A How-To Guide to Winter Season Tires

When preparing a vehicle for wintertime driving, tires can easily be overlooked. But when it comes to icy and slushy roads, your tires are the point of contact, and so they should be your first concern when winterizing your car.

Most tires are called “all season” tires. For someone who lives in a warmer climate like that of Arizona or the middle of Texas, these tires may be okay for the winter season. For others like myself, who equate winter with blizzard, snow tires are needed to get through the winter.

All Season Tires vs. Snow Tires

The tread on snow tires is significantly deeper than on all season tires. Snow tires give the car more traction in the ice and snow, as the deeper treads can account for snow and slush that may get picked up. The makeup of the tire is even different¾the rubber is softer, giving it better traction in colder temperatures.

There are many reasons why all season tires might not be your first choice if winters where you live tend to be harsh. Some reasons are:

  • Performs average in every type of weather. When it comes down to trying to maneuver and stop on ice or snow, choose exceptional over average.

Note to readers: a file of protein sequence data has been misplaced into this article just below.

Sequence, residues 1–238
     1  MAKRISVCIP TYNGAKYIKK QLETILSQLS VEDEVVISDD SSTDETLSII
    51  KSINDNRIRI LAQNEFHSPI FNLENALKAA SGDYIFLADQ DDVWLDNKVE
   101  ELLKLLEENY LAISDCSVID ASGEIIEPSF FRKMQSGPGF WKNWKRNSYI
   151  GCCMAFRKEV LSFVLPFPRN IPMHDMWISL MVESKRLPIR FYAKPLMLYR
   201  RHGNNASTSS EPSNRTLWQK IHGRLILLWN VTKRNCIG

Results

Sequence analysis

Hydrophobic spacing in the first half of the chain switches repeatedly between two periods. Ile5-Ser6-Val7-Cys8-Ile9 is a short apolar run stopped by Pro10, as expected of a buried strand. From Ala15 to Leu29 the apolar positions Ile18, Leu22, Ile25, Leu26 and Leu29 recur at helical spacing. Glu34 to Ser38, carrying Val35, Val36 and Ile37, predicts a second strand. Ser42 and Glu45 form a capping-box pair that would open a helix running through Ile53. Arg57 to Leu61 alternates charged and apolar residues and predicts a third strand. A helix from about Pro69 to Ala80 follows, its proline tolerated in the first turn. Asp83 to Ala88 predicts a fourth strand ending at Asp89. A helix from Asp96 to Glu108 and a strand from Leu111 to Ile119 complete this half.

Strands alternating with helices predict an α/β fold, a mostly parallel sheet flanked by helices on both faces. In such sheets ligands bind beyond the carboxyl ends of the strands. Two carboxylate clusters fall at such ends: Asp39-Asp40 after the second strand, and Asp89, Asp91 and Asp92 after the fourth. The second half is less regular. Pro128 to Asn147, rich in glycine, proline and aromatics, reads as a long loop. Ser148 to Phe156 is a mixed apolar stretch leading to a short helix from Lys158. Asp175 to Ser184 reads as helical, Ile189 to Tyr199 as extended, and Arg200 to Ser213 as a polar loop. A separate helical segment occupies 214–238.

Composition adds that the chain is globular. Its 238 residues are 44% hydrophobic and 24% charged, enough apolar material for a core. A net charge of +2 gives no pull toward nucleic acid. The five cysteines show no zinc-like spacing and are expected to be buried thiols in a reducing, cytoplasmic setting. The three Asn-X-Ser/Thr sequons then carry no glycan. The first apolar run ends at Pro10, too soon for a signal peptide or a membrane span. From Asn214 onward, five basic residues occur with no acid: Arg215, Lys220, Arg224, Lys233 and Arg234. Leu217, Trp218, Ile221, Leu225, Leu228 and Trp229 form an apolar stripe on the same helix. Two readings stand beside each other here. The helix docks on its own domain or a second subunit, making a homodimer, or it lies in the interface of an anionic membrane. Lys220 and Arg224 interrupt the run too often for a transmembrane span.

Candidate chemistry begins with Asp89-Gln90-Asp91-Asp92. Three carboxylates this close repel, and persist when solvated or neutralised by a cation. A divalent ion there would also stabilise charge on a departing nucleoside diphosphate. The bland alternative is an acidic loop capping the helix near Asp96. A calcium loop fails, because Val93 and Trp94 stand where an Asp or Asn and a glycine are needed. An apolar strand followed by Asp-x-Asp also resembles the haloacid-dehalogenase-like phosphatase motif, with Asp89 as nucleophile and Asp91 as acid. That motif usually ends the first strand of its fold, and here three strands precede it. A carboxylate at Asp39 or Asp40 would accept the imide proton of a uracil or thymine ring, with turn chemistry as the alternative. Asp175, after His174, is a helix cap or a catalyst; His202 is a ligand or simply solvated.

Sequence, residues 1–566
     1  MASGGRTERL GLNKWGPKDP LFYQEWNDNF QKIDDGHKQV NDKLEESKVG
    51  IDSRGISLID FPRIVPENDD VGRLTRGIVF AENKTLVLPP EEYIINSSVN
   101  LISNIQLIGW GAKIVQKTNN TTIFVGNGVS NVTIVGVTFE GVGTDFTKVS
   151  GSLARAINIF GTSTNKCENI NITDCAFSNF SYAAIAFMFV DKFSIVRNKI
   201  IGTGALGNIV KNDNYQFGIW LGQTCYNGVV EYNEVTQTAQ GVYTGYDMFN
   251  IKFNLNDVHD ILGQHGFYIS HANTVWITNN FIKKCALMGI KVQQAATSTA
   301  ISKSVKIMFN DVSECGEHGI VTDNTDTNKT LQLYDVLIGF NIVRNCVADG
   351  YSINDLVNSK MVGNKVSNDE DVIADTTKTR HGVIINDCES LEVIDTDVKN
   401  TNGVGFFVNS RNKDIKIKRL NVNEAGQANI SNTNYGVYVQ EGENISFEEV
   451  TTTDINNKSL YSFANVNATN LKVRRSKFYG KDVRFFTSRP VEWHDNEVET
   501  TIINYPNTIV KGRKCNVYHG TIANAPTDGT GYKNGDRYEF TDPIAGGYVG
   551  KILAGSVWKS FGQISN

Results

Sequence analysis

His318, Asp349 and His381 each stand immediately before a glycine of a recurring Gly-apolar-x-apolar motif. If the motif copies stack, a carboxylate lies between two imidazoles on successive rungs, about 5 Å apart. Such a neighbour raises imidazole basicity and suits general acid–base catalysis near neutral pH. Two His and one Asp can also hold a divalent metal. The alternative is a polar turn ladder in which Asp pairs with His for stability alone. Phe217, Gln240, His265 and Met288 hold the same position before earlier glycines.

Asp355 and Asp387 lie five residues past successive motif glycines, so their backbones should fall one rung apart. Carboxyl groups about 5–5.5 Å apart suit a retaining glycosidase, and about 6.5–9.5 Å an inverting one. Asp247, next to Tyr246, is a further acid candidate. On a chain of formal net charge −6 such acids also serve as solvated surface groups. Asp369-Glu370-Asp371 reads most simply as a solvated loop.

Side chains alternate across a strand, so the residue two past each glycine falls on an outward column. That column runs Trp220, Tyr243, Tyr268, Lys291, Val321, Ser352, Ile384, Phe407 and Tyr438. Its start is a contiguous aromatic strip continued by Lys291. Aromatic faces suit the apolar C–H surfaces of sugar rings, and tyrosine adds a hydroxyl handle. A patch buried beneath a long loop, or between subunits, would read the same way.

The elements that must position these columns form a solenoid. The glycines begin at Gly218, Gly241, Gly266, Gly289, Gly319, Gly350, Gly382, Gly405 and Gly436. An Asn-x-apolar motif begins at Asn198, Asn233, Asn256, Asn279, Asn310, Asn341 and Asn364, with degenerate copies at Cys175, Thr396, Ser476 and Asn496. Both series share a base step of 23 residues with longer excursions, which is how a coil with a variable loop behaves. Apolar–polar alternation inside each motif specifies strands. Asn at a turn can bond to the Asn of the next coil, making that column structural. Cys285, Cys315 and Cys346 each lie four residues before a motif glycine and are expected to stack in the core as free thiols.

• All season tires have a more inflexible rubber compared to snow tires. This makes the snow and ice become more packed on the tire, limiting traction.

Snow Tires 101

  • When spring rolls around, take off your snow tires. By the end of winter the tread has probably worn off, thus making driving on warm and dry roads dangerous.
  • If you’re looking for other options other than snow tires, studs or chains could be a solution. These will most likely be restricted in urban areas especially, so do not drive with studs or chains on your tires without first confirming their legality with local transportation officials.
  • If there is a snowflake symbol on the tire, you know it was inspected and has passed industry standards. These are tires that will withstand harsh winter conditions.
  • If your winter precipitation consists mostly of rain, snow tires may not the best choice. If you choose to stick to all season tires, remember to get them inspected and replaced if the tread is worn down.

November 19, 2012 by Jamie Rettig